• I am looking for ideas about hosting code, an issue tracker, and a mailing list for any Wikinews-related scripts, across multiple language projects. Personally I am considering as many other hosting solutions are proprietary (see [1]). Does Wikimedia Tools Labs offer hosting of software? If you have ideas, please share them here.
  • Have another idea? Please share it here.

--Gryllida (talk) 23:41, 4 November 2018 (UTC)

Transform buttons

Atm we have one button for changing the state of an article, the "submit" button which is provided on templates {{develop}} and {{tasks}}. That button used to be implemented as a javascript function MediaWiki:Common.js, but two years ago that was replaced with a dialog button implemented by template {{Assistant:Submit}}.

Any number of simple buttons of that sort should be creatable "by hand", i.e., without waiting on my grand plans for a meta-assistant. We mostly just need to work out

  • what article states the button should go from and to,
  • where the button should appear,
  • what conditions have to be met for the button to proceed (for example, a user who isn't a reviewer shouldn't be allowed to put an article {{under review}}),
  • and what templates should be added, removed, or modified.

Here are a few I can think of:

I feel there should be a lot of others, that I've thought of on past occasions, but I'm having trouble thinking of them now. Suggestions? --Pi zero (talk) 00:54, 5 November 2018 (UTC)

Yes, and how do people go from {{review}} to {{editing}} (if they are not a reviewer)? --Gryllida (talk) 02:12, 5 November 2018 (UTC)
How about this: from {{review}} to {{editing}} should double-check that that's really what you want to do, but shouldn't work if the article is under review. And removing under review shouldn't be supported by a button unless you're the one who put it under in the first place (I think the tools can check that). --Pi zero (talk) 02:39, 5 November 2018 (UTC)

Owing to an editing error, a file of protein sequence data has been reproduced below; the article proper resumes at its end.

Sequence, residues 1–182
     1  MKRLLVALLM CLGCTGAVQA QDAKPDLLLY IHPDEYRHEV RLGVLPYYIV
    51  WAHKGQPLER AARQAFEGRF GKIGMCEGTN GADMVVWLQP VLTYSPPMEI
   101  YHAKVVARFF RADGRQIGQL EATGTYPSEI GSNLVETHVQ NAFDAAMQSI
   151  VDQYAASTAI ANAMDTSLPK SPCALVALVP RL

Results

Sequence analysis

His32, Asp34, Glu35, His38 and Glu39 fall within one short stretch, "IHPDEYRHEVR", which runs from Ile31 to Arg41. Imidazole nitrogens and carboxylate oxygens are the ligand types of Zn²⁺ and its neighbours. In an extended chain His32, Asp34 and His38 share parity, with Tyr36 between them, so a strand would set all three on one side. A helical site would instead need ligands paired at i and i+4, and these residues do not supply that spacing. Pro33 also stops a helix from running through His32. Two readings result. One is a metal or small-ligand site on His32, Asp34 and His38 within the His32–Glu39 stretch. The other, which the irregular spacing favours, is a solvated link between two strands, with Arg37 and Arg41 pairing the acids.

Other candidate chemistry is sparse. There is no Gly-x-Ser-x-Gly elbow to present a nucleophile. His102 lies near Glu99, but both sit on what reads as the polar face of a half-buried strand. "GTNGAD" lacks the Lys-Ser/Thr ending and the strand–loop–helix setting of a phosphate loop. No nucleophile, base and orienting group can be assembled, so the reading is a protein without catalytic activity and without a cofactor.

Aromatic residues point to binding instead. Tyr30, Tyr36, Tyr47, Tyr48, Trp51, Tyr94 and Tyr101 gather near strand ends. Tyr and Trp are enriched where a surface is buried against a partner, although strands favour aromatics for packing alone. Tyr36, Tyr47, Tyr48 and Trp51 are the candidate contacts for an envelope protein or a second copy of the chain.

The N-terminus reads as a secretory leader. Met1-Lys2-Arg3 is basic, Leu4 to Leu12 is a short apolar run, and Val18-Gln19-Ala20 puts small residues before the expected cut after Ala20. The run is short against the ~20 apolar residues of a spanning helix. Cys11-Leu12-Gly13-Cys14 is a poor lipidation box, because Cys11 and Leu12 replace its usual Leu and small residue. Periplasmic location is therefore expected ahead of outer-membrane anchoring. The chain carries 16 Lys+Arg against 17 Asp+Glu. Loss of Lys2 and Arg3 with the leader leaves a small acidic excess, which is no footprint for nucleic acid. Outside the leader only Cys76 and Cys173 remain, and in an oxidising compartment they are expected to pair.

OK, if you could do that it would be great in my opinion Gryllida (talk) 02:41, 5 November 2018 (UTC)
Keeping in mind, I've two other infrastructure tasks I should be working on. --Pi zero (talk) 12:22, 5 November 2018 (UTC)
The existing submit button is at {{Assistant:Submit}}. --Pi zero (talk) 02:44, 7 November 2018 (UTC)

Site notices

I am proposing that this item is added from MediaWiki:Sitenotice to MediaWiki:Anonnotice:

  • Want to know how Wikinews works?
    Walk into our Newsroom!

Possibly also add this to both files:

--Gryllida (chat) 09:22, 11 October 2018 (UTC)

I perceive a flaw in this. I have noticed (for years now) that our newsroom really doesn't come across, to me anyway, as aI'e good place to go to learn how Wikinews works, despite the item on the sitenotice. Newsrooms are currently a big deal, so I gather; a regional journalism professor (whose blog I follow, despite my disapproval of some of his political thinking) particularly laments as digital media giants, acting as chop shops buying up and making quick profits off local newspapers, close newsrooms and expect journalists to work from home. We, of course, expect everyone to work from home, physically speaking; but this is part of my larger view that —to properly preserve sapient minds in the internet age— we need to cultivate the sense of immersion that comes from being in a physical place. On Wikibooks I'm reaching for the sense one gets from being in a physical library, and here, the sense of being in a newsroom. Here's a scene that takes place in a newsroom: [2].

Meanwhile, I wonder if we'd be better off directing people to Wikinews:Pillars of writing, which I routinely recommend to people, in comments, as "a compact overview of what we do here". --Pi zero (talk) 12:45, 11 October 2018 (UTC)

I agree with linking to the pillars. Gryllida (chat) 23:57, 11 October 2018 (UTC)
What about maintaining a WN:Todo with content similar to what I put in notes at my subpage here (4 todo items) then people know what needs improvement and how, at a glance. A reviewer or author would need to fill in this todo after article status changes. If this is useful then it could be linked from the site notice. Gryllida (chat) 23:57, 11 October 2018 (UTC)
This still needs doing. Gryllida (talk) 00:38, 8 November 2018 (UTC)

Proposal to modify the welcome template

Add this line

Questions about the above? Looking for help? Ask now. the bottom of the first tab. (I enclosed it into the big tags because the font size at the welcome template is really tiny.)

Perhaps people find it easier to ask questions then.